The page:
[¶5] Diane Schoenwald appeals from the judgment of the Northwest Judicial District Court. The district court had jurisdiction under N.D.C.C. § 27-05-06. This Court has jurisdiction under N.D. Const. art. VI, § 6, and N.D.C.C. § 28-27-01.
[¶6] Diane Schoenwald contests both the amount of spousal support she is to receive from Eugene Schoenwald and the district court's division of property. "[P]roperty division and spousal support are interrelated, and often must be considered together." Lohstreter v. Lohstreter, 1998 ND 7, ¶ 16, 574 N.W.2d 790.
[¶7] In Hogue v. Hogue, we restated the standard of review for spousal support:
Determinations of spousal support are findings of fact, and the trial court's determination will not be set aside unless it is clearly erroneous. Orgaard v. Orgaard, 1997 ND 34, ¶ 5, 559 N.W.2d 546. A finding is clearly erroneous only if it is induced by an erroneous view of the law, if there is no evidence to support a finding, or if, although there is some evidence to support it, on the entire evidence, we are left with a firm conviction a mistake has been made. Van Klootwyk v. Van Klootwyk, 1997 ND 88, ¶ 13, 563 N.W.2d 377.
When making a spousal support determination, the trial court must consider the relevant factors under the Ruff-Fisher [sic] guidelines. Lohstreter v. Lohstreter, 1998 ND 7, ¶ 25, 574 N.W.2d 790. Considered under the Ruff-Fisher [sic] guidelines are: "'the respective ages of the parties, their earning ability, the duration of the marriage and conduct of the parties during the marriage, their station in life, the circumstances and necessities of each, their health and physical condition, their financial circumstances as shown by the property owned at the time, its value at the time, its income-producing capacity, if any, whether accumulated before or after the marriage, and such other matters as may be material.'" Van Klootwyk, 1997 ND 88, ¶ 14, 563 N.W.2d 377 (quoting Weir v. Weir, 374 N.W.2d 858, 862 (N.D. 1985)).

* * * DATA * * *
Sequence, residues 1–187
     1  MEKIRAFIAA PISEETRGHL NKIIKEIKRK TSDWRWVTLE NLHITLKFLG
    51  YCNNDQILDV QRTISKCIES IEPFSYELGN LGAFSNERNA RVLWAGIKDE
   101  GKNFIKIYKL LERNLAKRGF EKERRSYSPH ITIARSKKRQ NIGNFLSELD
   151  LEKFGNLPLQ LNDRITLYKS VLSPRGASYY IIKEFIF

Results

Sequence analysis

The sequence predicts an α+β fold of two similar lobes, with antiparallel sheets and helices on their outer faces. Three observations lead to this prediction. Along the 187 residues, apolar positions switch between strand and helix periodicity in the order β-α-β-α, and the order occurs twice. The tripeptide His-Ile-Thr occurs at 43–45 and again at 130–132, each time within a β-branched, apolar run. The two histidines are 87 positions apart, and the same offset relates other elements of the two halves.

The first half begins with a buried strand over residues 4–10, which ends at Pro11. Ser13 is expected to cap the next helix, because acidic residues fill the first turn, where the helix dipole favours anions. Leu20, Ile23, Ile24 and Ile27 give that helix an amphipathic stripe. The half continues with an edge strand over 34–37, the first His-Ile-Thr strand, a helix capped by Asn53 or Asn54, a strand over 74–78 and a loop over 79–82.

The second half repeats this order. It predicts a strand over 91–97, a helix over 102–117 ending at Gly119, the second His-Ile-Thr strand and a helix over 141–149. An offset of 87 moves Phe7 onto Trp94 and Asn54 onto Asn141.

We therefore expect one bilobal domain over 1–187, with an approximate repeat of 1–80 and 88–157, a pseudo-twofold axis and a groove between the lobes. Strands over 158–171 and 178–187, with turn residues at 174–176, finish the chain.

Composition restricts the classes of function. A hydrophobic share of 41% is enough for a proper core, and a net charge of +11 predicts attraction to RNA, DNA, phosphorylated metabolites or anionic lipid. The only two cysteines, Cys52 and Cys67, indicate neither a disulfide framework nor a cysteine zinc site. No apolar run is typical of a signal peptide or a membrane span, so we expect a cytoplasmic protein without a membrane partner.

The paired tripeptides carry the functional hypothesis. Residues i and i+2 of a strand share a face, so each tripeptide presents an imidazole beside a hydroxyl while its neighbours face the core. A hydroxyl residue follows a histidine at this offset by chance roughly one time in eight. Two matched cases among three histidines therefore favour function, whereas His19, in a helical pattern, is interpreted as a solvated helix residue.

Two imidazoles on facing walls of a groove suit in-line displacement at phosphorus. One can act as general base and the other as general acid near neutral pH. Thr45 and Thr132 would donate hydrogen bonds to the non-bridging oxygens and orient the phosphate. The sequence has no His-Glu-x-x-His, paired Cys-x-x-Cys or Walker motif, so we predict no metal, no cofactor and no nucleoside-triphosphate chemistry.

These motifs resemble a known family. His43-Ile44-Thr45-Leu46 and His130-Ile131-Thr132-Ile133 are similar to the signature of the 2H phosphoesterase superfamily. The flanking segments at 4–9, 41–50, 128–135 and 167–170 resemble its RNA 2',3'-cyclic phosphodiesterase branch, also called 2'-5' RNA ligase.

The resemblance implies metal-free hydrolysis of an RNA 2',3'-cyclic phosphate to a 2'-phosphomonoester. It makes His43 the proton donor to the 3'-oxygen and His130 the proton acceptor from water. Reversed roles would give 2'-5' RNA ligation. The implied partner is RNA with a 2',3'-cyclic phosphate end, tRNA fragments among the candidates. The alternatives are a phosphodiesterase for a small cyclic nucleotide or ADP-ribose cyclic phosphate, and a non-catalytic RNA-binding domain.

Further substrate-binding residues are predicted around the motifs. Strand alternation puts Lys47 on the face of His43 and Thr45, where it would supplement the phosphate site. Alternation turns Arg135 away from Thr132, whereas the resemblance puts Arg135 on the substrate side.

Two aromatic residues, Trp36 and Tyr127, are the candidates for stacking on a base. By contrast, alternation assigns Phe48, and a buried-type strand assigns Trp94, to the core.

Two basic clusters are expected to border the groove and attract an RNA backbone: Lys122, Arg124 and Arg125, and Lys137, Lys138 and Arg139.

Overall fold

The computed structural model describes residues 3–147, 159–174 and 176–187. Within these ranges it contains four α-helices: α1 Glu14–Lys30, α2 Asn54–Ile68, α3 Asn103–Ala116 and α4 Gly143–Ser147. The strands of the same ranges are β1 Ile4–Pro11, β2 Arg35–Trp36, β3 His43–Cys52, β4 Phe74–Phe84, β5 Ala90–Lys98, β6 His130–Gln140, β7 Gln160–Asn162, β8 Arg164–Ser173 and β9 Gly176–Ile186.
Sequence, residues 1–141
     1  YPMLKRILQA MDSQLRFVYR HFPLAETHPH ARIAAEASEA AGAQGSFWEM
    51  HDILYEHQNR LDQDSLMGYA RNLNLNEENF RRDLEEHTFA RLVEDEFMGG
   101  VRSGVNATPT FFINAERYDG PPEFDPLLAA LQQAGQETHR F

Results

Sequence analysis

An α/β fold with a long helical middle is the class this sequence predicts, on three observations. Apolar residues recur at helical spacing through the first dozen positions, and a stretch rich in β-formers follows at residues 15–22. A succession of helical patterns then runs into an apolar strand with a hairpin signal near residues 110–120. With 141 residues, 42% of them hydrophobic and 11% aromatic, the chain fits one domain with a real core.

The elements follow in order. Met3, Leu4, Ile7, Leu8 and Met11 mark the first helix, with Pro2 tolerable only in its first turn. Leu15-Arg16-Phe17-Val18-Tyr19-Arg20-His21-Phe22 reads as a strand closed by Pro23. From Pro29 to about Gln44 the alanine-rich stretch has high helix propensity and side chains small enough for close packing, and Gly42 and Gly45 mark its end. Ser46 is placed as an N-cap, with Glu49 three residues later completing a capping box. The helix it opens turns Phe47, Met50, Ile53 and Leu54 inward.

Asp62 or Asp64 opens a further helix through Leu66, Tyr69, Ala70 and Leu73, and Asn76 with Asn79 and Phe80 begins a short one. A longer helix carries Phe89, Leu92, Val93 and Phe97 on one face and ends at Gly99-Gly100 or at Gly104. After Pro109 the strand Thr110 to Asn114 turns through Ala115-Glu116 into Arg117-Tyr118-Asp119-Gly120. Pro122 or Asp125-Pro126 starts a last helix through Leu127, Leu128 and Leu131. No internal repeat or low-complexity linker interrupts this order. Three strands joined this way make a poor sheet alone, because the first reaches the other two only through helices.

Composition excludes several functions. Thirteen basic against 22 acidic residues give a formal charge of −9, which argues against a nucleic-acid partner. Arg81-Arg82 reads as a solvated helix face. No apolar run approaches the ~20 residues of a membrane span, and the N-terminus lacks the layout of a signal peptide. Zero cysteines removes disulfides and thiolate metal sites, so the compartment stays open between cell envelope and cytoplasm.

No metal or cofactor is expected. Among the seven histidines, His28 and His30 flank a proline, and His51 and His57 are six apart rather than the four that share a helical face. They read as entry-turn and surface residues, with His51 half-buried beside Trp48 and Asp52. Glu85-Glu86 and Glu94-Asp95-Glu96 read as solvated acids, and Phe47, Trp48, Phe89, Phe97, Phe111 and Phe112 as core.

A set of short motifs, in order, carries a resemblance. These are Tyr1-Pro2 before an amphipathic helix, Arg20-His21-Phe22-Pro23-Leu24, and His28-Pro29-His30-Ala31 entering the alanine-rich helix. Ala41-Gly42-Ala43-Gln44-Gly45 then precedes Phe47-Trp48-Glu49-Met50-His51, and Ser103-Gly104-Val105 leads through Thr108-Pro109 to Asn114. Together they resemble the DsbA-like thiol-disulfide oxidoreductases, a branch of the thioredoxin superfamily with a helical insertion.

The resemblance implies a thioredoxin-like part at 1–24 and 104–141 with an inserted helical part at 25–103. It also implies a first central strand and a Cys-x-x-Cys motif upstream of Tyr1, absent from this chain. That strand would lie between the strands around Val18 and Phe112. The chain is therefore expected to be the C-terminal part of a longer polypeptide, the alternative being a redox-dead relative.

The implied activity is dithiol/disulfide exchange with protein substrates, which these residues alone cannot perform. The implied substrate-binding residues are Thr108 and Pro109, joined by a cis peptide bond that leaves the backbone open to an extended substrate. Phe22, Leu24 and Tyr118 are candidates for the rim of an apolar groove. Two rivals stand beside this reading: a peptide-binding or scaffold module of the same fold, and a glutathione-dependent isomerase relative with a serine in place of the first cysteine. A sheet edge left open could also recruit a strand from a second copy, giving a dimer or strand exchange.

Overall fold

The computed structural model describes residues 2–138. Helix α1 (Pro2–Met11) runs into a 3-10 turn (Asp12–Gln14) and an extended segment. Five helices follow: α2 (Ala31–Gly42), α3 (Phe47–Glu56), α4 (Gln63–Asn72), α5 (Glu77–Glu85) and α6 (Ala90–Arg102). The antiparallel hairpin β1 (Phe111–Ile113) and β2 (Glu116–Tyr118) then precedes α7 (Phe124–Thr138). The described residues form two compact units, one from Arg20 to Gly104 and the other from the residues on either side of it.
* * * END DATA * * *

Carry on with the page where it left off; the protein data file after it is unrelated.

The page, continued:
1998 ND 26, ¶¶ 24-25, 574 N.W.2d 579. Although the district court is not required to make specific findings, it must provide a rationale for its decision. Id. at ¶ 25.
[¶8] The district court awarded Diane Schoenwald $700 a month spousal support until Eugene Schoenwald retires. In deciding spousal support, the district court "considered the so-called Ruff-Fischer guidelines and [found] that [Diane Schoenwald] is disadvantaged" and also found "[Eugene Schoenwald's] earning ability, health and physical condition, and conduct during the marriage favor an order of spousal support in favor of [Diane Schoenwald]."